Why are we so hard on ourselves?
I am currently in an unkind relationship with my body. I have put on weight over the last few months and it is all I can think about every moment of the day.
I can feel it when I’m lying in bed at night and my stomach bulges as I lie on my side.
The shower is a good reminder, as I can’t hide anything behind baggy clothes.
I also work in a place with lots of mirrors and so I am constantly checking to see what my body looks like. Not so that I can feel amazed at how it is improving—no. I’m checking to confirm that my self-deprecating thoughts are valid.
This last weekend, we went away to the beach with friends. Days before the trip, I was involved in inner turmoil at the thought of beachwear. How could I possibly expose so much of my body to the outside world? But on the other hand, should I just be brave, embrace life, and stick on a bikini? Won’t I regret it later, having not lived in these moments because of a bit of wobbly flesh?
So, I packed a bikini.
I also packed a full costume after that.
And swimming shorts.
When the time came to go down to the beach, I went to the bathroom to change. I had all of my options in my hand. I must have stood there for five minutes trying to decide what I was feeling. Brave? Comfortable? Shy? Self-conscious? The full costume with the swimming shorts won.
I quickly slipped my bikini back into my bag, embarrassed that I’d even brought it. I knew that if I put it on, I wouldn’t have the courage to take my clothes off to reveal it anyway. At least this way, I may enjoy a swim.
But that didn’t really work out. Once we were there, I felt ashamed about what I was wearing and so out of place—like the costume and shorts were more of a beacon for my body insecurities than a bikini would have been. Everyone could see I was trying to cover up my body shame, surely.
I stood in the shallows for a bit, trying to be present and enjoy a day out with friends. It was a beautiful day with plenty of potential to create fun memories, but even during good chats and laughter, I couldn’t quite silence the self-shaming voice inside me. I couldn’t wait to cover up with normal clothes.
The reality is that no one probably noticed my swimwear choice. No one was relieved that I hadn’t dared wear a bikini. And even if I had, would they have judged me? There were others on the beach with bodies just like mine and they were embracing life.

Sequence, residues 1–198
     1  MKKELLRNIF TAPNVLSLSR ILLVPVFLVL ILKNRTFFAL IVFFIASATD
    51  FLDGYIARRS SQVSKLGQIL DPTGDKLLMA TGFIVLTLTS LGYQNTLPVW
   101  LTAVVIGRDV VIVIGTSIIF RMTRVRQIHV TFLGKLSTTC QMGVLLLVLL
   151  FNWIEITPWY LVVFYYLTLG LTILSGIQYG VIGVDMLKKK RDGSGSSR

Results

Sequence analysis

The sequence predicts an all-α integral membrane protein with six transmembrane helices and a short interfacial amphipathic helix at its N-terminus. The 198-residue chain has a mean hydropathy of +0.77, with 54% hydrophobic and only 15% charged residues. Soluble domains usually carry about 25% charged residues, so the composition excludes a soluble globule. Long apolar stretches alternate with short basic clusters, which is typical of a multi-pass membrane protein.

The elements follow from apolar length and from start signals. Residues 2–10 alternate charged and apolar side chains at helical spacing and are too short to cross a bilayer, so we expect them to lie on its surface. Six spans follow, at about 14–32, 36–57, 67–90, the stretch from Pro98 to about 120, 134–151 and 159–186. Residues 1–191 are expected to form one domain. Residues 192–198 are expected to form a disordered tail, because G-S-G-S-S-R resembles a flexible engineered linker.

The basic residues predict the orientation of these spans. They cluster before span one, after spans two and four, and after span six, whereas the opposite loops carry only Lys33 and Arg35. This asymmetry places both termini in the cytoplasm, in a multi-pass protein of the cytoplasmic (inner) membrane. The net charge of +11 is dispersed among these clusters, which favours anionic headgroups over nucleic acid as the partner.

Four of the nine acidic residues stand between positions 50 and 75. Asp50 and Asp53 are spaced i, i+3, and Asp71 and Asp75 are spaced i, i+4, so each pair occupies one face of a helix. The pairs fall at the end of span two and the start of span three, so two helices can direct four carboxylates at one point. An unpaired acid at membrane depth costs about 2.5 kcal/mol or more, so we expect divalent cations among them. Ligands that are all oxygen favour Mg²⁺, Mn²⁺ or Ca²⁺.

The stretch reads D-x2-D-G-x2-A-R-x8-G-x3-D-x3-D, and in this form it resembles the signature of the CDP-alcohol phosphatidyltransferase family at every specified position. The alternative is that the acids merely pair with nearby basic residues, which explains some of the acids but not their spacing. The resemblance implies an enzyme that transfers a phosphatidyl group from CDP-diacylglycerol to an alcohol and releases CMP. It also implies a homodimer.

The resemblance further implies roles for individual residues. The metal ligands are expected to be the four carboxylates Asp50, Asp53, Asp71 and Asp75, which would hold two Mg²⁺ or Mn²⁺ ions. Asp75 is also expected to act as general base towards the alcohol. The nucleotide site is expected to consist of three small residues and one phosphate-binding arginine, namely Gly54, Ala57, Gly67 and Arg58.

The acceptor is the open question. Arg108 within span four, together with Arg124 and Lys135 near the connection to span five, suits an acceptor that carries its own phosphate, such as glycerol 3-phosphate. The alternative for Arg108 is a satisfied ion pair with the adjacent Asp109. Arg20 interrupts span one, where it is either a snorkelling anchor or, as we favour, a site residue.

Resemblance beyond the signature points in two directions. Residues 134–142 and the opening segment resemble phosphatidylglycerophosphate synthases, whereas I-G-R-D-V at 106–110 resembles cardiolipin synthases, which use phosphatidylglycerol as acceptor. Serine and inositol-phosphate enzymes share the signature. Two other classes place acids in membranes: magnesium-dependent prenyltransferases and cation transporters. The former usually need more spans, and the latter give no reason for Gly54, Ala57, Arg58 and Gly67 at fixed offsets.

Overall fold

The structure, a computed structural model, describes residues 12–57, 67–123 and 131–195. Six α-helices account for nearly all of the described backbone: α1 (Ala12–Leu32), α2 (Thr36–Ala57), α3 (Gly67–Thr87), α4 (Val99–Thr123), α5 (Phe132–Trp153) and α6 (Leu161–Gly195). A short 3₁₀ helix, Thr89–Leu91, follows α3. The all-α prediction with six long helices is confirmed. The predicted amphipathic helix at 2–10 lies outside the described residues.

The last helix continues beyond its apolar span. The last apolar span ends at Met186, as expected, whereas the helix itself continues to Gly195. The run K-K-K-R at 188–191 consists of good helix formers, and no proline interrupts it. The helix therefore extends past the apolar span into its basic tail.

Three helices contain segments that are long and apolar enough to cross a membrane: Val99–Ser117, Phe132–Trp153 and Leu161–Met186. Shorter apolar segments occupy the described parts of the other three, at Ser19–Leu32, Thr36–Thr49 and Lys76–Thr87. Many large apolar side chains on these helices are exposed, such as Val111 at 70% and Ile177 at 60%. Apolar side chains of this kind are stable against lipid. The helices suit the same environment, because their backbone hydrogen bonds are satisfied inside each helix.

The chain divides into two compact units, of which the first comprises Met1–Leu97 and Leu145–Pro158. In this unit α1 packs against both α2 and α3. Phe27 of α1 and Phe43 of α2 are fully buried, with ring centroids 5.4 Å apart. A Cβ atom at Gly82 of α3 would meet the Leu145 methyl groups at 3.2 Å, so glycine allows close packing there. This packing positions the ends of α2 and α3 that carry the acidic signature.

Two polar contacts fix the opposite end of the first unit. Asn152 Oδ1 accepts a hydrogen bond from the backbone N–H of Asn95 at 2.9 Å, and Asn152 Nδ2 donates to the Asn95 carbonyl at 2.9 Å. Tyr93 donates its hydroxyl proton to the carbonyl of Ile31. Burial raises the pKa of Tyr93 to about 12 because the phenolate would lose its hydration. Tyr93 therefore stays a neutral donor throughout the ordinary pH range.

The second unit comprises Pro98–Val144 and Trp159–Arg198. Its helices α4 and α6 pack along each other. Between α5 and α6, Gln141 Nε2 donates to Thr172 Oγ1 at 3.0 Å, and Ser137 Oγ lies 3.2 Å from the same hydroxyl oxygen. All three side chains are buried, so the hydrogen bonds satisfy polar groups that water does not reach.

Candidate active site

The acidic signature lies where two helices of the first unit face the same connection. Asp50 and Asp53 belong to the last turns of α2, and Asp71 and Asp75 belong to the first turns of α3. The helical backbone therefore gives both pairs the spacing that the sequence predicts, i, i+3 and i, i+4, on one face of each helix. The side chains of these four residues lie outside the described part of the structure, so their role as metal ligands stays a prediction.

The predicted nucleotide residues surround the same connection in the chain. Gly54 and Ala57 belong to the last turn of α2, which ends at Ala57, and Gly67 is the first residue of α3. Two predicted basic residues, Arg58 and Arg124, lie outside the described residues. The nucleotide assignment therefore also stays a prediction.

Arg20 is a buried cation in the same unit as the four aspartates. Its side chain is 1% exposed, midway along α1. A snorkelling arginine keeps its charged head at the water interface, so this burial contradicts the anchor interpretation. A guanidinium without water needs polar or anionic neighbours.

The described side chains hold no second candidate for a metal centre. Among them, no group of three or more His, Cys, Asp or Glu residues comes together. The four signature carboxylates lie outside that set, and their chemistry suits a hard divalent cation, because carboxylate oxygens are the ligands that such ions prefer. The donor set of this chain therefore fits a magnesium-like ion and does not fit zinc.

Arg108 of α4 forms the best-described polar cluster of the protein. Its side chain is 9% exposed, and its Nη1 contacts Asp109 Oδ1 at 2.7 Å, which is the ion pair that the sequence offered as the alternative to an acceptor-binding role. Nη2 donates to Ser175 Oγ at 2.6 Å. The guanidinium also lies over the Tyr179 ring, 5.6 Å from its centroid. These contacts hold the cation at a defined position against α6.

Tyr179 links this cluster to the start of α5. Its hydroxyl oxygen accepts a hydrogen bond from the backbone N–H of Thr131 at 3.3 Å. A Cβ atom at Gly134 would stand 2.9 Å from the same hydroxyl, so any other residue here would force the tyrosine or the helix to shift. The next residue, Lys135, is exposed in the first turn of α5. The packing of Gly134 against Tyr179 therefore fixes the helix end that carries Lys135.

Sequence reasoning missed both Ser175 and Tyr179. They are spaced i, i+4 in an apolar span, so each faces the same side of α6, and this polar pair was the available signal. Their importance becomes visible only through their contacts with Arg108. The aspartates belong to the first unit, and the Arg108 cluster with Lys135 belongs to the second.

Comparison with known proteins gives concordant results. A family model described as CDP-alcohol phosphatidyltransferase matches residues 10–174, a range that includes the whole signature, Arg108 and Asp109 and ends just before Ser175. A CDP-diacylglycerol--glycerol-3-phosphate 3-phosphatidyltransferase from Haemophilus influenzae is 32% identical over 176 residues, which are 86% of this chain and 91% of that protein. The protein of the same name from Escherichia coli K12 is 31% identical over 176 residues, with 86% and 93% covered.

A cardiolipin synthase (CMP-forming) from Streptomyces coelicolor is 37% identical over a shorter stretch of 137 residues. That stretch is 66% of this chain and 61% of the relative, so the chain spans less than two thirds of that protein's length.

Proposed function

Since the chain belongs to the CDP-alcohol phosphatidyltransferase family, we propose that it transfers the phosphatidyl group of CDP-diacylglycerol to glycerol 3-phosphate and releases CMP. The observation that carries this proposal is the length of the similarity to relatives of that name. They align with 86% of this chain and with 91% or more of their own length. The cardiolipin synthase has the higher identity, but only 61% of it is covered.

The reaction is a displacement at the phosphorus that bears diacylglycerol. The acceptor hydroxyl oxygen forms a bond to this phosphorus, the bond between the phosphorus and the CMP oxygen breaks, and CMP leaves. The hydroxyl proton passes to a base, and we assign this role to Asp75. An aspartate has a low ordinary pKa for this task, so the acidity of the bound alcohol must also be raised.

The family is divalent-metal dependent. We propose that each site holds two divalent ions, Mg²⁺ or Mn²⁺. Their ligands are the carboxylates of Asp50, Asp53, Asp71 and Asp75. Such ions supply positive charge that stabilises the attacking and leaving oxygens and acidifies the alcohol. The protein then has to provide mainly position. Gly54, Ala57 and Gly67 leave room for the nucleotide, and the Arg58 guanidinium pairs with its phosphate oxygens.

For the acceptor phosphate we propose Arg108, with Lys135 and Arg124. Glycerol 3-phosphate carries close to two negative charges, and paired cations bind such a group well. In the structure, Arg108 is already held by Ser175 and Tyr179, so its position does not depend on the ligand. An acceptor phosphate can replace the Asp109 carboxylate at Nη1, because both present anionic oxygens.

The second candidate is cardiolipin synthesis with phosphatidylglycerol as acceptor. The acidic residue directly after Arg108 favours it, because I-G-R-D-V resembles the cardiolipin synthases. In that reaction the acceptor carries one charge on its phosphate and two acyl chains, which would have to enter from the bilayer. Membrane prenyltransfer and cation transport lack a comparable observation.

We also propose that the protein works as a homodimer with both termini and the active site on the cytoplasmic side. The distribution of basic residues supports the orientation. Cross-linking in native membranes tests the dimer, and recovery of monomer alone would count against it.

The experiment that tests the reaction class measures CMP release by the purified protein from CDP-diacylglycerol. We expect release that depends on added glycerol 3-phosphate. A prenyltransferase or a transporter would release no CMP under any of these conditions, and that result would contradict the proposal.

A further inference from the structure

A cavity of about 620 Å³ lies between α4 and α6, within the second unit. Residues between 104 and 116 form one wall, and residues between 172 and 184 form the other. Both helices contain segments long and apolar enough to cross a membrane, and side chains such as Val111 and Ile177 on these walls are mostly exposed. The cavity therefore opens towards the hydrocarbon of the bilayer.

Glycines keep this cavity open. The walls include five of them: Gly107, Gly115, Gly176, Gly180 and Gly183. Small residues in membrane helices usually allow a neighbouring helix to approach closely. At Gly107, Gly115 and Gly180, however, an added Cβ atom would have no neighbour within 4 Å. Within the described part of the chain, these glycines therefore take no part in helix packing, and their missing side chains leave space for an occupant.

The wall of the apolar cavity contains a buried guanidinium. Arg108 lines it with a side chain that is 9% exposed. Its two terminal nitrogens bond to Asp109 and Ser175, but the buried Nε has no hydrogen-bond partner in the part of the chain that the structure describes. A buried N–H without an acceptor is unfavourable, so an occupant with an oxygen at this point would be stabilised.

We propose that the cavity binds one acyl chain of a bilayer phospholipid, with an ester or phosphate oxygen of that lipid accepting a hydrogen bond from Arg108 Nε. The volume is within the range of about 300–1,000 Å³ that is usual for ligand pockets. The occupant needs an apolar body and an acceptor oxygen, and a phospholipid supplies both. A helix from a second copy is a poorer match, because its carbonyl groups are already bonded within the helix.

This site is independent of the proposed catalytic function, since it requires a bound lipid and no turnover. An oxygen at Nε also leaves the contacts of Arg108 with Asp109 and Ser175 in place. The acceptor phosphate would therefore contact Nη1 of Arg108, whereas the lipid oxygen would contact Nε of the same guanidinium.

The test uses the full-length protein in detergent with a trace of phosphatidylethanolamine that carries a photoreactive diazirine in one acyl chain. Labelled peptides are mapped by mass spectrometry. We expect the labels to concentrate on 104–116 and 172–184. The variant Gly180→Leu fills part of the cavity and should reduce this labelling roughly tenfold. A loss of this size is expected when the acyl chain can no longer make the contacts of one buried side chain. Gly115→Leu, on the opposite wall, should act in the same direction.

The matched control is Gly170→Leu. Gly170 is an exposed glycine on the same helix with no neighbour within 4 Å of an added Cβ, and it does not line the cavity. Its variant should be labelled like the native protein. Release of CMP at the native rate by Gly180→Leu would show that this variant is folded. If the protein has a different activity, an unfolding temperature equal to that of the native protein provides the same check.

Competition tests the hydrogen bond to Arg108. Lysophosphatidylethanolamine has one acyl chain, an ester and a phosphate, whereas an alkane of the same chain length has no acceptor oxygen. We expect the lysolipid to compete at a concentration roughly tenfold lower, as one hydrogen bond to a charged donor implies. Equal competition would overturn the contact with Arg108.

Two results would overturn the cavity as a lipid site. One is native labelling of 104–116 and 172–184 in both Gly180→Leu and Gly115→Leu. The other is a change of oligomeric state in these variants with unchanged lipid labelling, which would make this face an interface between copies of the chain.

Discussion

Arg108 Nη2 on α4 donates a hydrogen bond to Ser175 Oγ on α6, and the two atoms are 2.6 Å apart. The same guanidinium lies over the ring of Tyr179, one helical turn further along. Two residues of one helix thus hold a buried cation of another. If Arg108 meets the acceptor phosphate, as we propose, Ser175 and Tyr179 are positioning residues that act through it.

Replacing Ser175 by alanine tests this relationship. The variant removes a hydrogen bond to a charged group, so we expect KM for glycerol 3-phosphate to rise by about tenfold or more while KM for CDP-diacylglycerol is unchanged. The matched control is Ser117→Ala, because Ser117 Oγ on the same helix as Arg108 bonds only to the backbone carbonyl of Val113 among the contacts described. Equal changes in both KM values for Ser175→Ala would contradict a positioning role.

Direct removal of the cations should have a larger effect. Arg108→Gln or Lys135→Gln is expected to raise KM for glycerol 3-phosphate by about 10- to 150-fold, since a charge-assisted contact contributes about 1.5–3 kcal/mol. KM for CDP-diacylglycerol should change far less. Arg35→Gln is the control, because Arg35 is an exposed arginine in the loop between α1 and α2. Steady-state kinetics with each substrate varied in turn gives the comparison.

I think one of the main reasons that I’m so hard on myself is that my body is completely within my control. What I eat and the exercise I do is my choice. It’s no one else’s fault. So, I dislike my body but also dislike myself for allowing my body to get to this point. It’s a wonderfully negative cycle.
Unfortunately, allowing these negative thoughts to run freely through my mind only allows them to infect other areas as well. I feel negatively about my body. Then I notice I’m also negative toward my work, and then my writing. Why can’t I keep the house clean? Where is my life going?—I need to reign myself in quickly.
But today I read something that resonated with me. Something I needed to hear.
“A great deal of chaos in the world occurs because people don’t appreciate themselves.” ~ Chögyam Trungpa
We bring ourselves down, but encourage others. We focus on our failings, but seldom on our successes. We allow these negative thoughts to consume our minds and keep us from experiencing the beauty of being alive. Why are we so hard on ourselves?
I’ve realised that I need to learn to appreciate myself. And I need to give myself grace, to practice self-love.
This is what I’ve learnt so far:
Self-appreciation involves looking for the good in ourselves, acknowledging it, and then focusing on it. We all have strengths and weaknesses and we need to see them both with humility and kindness. Self-appreciation doesn’t have to be vanity and it doesn’t even have to be spoken aloud—it’s just an inner recognition of the credit we deserve. There are areas in my life in which I am doing well. There are obstacles that I have overcome to get to where I am today. I must not give in to self-destructive thoughts. I must stop looking for negative validation. I am more than just my body shape.
Grace is an acknowledgement that we are not perfect, and that no one else is either. Even when we have the best of intentions, we fall short. We overindulge, we exercise too little, we say mean words, and we let people down. But we are not meant to look at ourselves with shame and guilt. It’s not to say that our actions have no consequences, but how we respond is important. We must make amends when we have hurt others and ask for their forgiveness. But the love and kindness that we extend to them must also flow over into what we show ourselves. It is true, I have put on weight, but being hard on myself will not change that. I am where I am and the change I want will be a process.
Self-love is a popular concept at the moment but one that I am only now starting to understand. This quote really helped me:
“Self-love requires you to be honest about your current choices and thought patterns and undertake new practices that reflect self-worth.” ~ Caroline Kirk
My thought patterns have not reflected a feeling of self-worth. They have been of self-criticism and shame. The dislike for my body has some days led to a feeling of despondency, to eating rubbish because my body is already in an undesirable state.
Hate does not result in change, but love does. It sounds like a contradiction, but only in being able to accept myself as I am can I help bring about the change that I seek.
My body can change. I can lose weight and I can get stronger. But it is my mind and my thoughts that need to be strong, kind, and gentle regardless.
Author: Paula Foster
Image: Author’s Own
Editor: Catherine Monkman
Copy & Social Editor: Nicole Cameron